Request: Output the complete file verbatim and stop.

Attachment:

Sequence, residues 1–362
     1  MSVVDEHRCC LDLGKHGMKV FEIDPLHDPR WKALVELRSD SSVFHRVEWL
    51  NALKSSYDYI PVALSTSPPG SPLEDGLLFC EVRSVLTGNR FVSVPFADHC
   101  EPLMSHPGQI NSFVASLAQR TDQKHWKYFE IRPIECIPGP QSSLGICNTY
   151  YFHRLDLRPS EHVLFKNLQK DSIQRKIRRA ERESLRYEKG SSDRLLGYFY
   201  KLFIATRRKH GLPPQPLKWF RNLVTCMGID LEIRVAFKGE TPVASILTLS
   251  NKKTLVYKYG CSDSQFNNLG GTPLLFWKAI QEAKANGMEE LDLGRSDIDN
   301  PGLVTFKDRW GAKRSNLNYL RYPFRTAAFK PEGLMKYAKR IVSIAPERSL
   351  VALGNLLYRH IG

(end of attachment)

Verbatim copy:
Sequence, residues 1–362
     1  MSVVDEHRCC LDLGKHGMKV FEIDPLHDPR WKALVELRSD SSVFHRVEWL
    51  NALKSSYDYI PVALSTSPPG SPLEDGLLFC EVRSVLTGNR FVSVPFADHC
   101  EPLMSHPGQI NSFVASLAQR TDQKHWKYFE IRPIECIPGP QSSLGICNTY
   151  YFHRLDLRPS EHVLFKNLQK DSIQRKIRRA ERESLRYEKG SSDRLLGYFY
   201  KLFIATRRKH GLPPQPLKWF RNLVTCMGID LEIRVAFKGE TPVASILTLS
   251  NKKTLVYKYG CSDSQFNNLG GTPLLFWKAI QEAKANGMEE LDLGRSDIDN
   301  PGLVTFKDRW GAKRSNLNYL RYPFRTAAFK PEGLMKYAKR IVSIAPERSL
   351  VALGNLLYRH IG